Police accuse a New Jersey woman of suffocating to death four five-week-old American Bulldogs by stuffing them in a cooler.

Puppy Doe Photo from the Animal Rescue Leage

Puppy Doe
Photo from the Animal Rescue Leage

A Massachusetts resident finds a lifeless young Pit Bull near a Quincy park. “Puppy Doe,” as she is called, has so many broken bones and stab wounds, is so malnourished and weak, that veterinarians can’t save her.

A night-time break-in at a Georgia shelter leaves three dogs dead and fifteen injured. Police say it’s possible that the shelter’s dogs were attacked by dogs brought in by people involved in dog fighting, who wanted to prep their dogs for future fights.

I read about each of the above heartrending cases in the past several weeks. The stories are hard to stomach. I’d love to write that they are unique, aberrations. But they are not. Dogs are the victims of abuse and cruelty more often than any other animal, according to

They deserve so much better.

These stories got me thinking about a foundation started in September by Leigh Ann Errico, a friend of a friend. The kidkind foundation and its companion website,, are committed to making our communities better places to live, by “restoring the power of kindness and good character.” Errico, the mother of four, writes she’s been disheartened by “the seemingly never-ending string of jaw-dropping news stories,” of incivility, of cyber-bullying, of people treating others in ways they would never want to be treated themselves.

The idea behind “Wear the Cape” is that “we are all everyday heroes, or at least capable of being heroes by doing the right thing, the kind thing, the helping and inclusive thing.” Dogs wear the cape every day: They love us, protect us, are our most loyal friends and trusted teachers. And they do all of this unconditionally.

Perhaps one of their greatest gifts is that dogs help parents raise children in ways that benefit all of society. Here’s how: Researchers investigating the human-animal bond routinely find that children who grow up with a dog have greater compassion, tolerance, and empathy for others.



Like so many parents, my husband and I are trying to instill empathy in our daughters. We are fortunate to have Galen to help us in this endeavor. She is there every morning to wake our girls with a cold wet nose to the face. She is there every afternoon, the first to greet them when they get off the school bus. (I remain in the house and watch from the window as their backpacks fall to the ground, smiles brighten their faces, and they drop to their knees to say hello to their tail-wagging sister who’s as thrilled to see them as they are to see her.) I see their love for Galen grow every time they pet her, kiss her, talk to her. And she never fails to return the affection.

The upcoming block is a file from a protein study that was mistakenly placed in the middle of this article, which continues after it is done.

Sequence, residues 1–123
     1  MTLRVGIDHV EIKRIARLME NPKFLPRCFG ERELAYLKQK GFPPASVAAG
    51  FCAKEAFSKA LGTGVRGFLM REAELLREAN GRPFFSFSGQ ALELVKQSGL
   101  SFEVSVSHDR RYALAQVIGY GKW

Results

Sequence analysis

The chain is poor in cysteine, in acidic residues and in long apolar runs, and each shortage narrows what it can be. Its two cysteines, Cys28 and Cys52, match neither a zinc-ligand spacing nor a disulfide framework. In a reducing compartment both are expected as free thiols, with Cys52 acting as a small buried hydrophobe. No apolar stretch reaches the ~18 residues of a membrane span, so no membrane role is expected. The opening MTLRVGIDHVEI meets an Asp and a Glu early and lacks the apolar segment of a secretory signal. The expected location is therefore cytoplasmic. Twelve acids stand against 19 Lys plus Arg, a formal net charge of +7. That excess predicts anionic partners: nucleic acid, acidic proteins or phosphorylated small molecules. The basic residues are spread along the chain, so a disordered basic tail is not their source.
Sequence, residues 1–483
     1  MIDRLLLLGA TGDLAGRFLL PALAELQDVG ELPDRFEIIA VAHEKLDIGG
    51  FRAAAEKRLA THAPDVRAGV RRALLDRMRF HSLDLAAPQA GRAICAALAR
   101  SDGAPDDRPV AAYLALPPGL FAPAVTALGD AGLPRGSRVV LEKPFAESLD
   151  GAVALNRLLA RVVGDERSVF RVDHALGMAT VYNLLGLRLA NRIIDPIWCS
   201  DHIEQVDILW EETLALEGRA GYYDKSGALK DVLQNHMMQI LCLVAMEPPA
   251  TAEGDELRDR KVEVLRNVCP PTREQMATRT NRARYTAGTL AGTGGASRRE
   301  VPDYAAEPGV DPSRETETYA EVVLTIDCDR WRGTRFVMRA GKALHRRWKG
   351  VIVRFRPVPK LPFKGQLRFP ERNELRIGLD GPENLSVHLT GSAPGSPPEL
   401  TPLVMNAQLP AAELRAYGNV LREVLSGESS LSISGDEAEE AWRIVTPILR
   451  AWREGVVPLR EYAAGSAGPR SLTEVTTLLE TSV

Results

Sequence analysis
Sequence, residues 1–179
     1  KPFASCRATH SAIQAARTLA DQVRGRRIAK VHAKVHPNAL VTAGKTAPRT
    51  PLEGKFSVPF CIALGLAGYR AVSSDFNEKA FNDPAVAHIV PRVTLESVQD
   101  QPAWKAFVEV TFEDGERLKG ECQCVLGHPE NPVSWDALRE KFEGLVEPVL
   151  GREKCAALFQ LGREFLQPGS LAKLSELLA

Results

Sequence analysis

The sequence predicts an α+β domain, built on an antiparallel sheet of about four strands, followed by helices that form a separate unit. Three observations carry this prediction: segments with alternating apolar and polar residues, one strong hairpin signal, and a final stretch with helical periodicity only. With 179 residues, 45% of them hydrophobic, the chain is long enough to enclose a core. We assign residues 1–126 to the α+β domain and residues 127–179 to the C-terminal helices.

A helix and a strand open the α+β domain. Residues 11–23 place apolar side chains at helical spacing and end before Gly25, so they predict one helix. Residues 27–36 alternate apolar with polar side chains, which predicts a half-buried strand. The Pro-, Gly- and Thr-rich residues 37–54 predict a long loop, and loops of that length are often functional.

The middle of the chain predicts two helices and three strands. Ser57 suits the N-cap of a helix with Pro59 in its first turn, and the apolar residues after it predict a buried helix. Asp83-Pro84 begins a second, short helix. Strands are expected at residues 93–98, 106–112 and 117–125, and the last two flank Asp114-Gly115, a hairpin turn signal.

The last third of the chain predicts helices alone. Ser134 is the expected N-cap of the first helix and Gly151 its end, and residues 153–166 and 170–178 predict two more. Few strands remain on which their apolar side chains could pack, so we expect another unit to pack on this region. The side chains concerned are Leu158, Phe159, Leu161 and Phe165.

Just as dogs are our heroes, we need to be theirs. And that leads me to one other story I read this past week: A two-year-old Pit Bull riddled with bullets was left to die on an Arizona mountain trail. A female hiker found the dog and carried its limp, 47-pound body down the mountain, saving its life. She named the dog Elijah, and her family is now fostering him.

Give Pits a Chance

Say, “pit bull,” and you find most people have strong opinions about the breed, and more often than not – at least among the people I know – their opinion isn’t favorable. In fact, it’s downright hostile. Mostly, it’s because pits get bad press. They’re in the news for attacking someone or for being the canine of choice in dog fighting rings.

Some people would like to outlaw the breed and are working at different levels of government to make that happen. I’m not at all sure that’s realistic. Are we going to round up every pit bull for mass euthanization? (It’s kind of like the immigration debate. Can we round up and deport all undocumented immigrants? The undocumented are here; the pit bulls are here. We’ve got to work with the facts as they exist.)

This past weekend I met several members of the Luzerne County Pit Bull Owners Group (LCPO), a nonprofit out of northeastern Pennsylvania committed to educating people to be responsible pit bull owners, and to rescuing and re-homing homeless pit bulls. The work LCPO does on behalf of these misunderstood and often mistreated dogs is truly inspiring.

I arrived at Alana Rickard’s Wilkes-Barre-area home a little before one on Saturday afternoon, so I could be on hand for the arrival of ten Tennessee pits – a mom and her nine ten-week-old pups. A shelter in Blount County, Tennessee, had reached out to the group’s founder, asking her to help them help the dogs.

Momma looking at her pups

Momma looking at her pups

Waiting with me was a team of volunteers ready to care for – and to socialize – the puppies until permanent homes can be found for them. Alana planned to foster the mom, who was thought to be one, maybe two years old – practically a puppy, herself.

Adopting any dog is a major responsibility, but the responsibilities that come with adopting a pit bull are magnified a hundred-fold because of the burdens these dogs carry. Responsible owners can make the difference between a pit that thrives and a pit that ends up on the evening news.  And that’s why LCPO offers anyone who adopts a pit bull, or owns a pit bull, assistance, training, and education.

Such sweet faces!

Such sweet faces!


LCPO is an all-volunteer organization that runs on donations and a network of about fifty foster families in Pennsylvania, New York, New Jersey, Delaware, and Connecticut. Despite being only two-and-a-half years old, they’ve helped several hundred pit bulls. You can read all about LCPO at their website; you can like them on facebook. Also check out Leroy and Company, a blog written by Casey Heyen, the group’s Director of Volunteers. Casey took home a pup on Saturday, named it Marshmallow, and is already recounting Marshmallow’s adventures.